“We did not want a really insular community,” said Jane “I like communities that have people coming and going.” When she was younger, the mother had transferred to a high school where most of the kids had been together since kindergarten. It resulted in a very clique-oriented student body.

Through her family’s move, her own children would also get more student diversity, which she felt was a positive for them at this point, but it wasn’t a factor in her family’s school search. She wanted to see kids who were supported by their parents at home, a factor that she believes is apparent by the confidence of children. “I like kids who look parents in the eye,” she said.

Looking for Clues

School tours often happen in the fall or after admissions. It’s important to ask whether visits and tours are open to children. Usually, younger kids are invited to the school after they have applied, and there is a special event set up for applicants later at which — yes — school administrators will be assessing children to see how they get along with others, how they listen to the teacher, and if they are intent on learning.

“You are looking for a school that fits. Put an emphasis on process,” said Bower, meaning that you want to see how children are learning. You do this by walking the walls, or exploring the student work on the walls as a reflection of what the teacher was aiming for in the lesson — and an indication of how the students responded.

One parent, “Lilly,” toured a small school with a strong academic reputation. The administrators seemed smart and knew a lot of the students by name. There were plenty of volunteers on hand, many of them retired teachers, to help administer the statewide testing that the students were taking at the time. The walls were filled primarily with student art, as opposed to class work.

“I loved it,” said Lilly. “I wanted to go there and send my kids there. But it didn’t feel quite right for them at this stage of school. It had a sort of preschool vibe.”

You also want to look “for your child in the school,” advises Bower. “Walking through the school, find a kid who is like yours. You can feel your child in a school.”

Yearbooks are also telling. I looked at the yearbook for an elementary school in the Edgemont school district in New York, a highly regarded school district. The graduating class of sixth graders each wrote about themselves. Here, they could have written about their favorite animal or that they loved Katy Perry, but most entries were effusive about their elementary school experience and how much they enjoyed it.

The morning drop-off is also a good gauge of how well the school is run, and that can inform you about the school community. Do administrators welcome the children? Do they assist in getting kids from cars to school? How are the parents relating to one another?

Using Your Child’s Opinion (Kind Of)

Jane’s family toured a few schools with their children. “A lot of our reaction was based on our children’s reactions to schools,” said Jane. One school struck the family as a very mature environment for children. “You could feel how serious and intelligent the students were. You were going to put your nose to the grindstone and work there.” Another school, which the parents hadn’t seriously considered, was her children’s favorite. “The administrators talked to my kids and asked them about themselves.”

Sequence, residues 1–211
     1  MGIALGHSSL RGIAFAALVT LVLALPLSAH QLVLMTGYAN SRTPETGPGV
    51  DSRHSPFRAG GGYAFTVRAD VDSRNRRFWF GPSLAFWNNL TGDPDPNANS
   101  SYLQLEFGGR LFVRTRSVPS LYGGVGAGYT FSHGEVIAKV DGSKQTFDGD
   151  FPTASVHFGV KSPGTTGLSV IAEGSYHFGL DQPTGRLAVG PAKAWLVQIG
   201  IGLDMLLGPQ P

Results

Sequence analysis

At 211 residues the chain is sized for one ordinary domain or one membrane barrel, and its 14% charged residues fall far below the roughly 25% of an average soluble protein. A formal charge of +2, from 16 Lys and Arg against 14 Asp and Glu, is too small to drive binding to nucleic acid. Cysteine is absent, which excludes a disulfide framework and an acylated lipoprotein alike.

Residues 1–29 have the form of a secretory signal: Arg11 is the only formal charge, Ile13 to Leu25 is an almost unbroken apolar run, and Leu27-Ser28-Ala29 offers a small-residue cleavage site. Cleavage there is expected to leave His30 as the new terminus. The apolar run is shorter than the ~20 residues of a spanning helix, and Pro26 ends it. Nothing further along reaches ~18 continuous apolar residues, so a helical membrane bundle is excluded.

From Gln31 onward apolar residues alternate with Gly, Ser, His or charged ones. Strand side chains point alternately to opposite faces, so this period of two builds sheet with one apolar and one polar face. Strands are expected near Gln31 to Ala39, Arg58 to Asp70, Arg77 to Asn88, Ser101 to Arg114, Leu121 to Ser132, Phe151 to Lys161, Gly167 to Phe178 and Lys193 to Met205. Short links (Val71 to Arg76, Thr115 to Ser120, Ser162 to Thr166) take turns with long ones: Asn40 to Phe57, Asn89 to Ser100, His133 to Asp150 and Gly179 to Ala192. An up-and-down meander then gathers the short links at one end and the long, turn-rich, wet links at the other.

Children should be a part of the school vetting process, but don’t rely too much on a younger child’s opinion. Bower has seen children base their favorite school choice on what kind of refreshments were served at the tour. She remembered that having eight different flavors of cupcakes offered at the open house was a real draw for some kids.

The decision about where to go to school is best left to parents. “That decision is not a child’s decision, particularly middle school and younger. They are too young to bear that burden,” Bower advises.

Dealing with Rejection

Parents must also be prepared for the inevitable situation in which their kids don’t get into some schools. Kids know that they are applying to be accepted or rejected from a private school, and that fact, on top of changing schools, can be draining.

“Parents have to do the work,” says Bower. “You want to be thinking ahead about that. Kids will riff off the vibe you give. You have to practice having conversations with your child. You don’t have to tell your children whether they were accepted or not. A simple statement such as ‘we have decided that you will go to school here, and we want you to go to the right school for you’ protects a child from the oddness of school rejection at such a young age.”

Finding a great school may also be as simple as making whatever school your child goes to a great fit for your child. Engaged and supportive parents go a long way in helping kids feel good about where they end up.

At one competitive school, the admissions director told a group of prospective parents that whether their children were accepted or not, they were still worthy of love, and parents should be proud of them. Bower was among the parents and thought to herself how absurd it was that a school administrator thought that parents would think less of their children based on whether they got into a school. She had some choice words that I am not going to type here.

“Keep it in perspective,” advises Bower.


Child Development Institute. “Helping Kids Cope With Moving.” Retrieved from Child Development Institute.

Education World. “Administrators Praise Three-Minute Walk-Throughs.” Retrieved from Education World.

Mourtos, Stacy. Metroparent. “Finding a New School Checklist.” Retrieved from Metroparent.

National Conference of State Legislatures. “School Voucher Laws: State-by-State Comparison.” Retrieved from: National Conference of State Legislatures.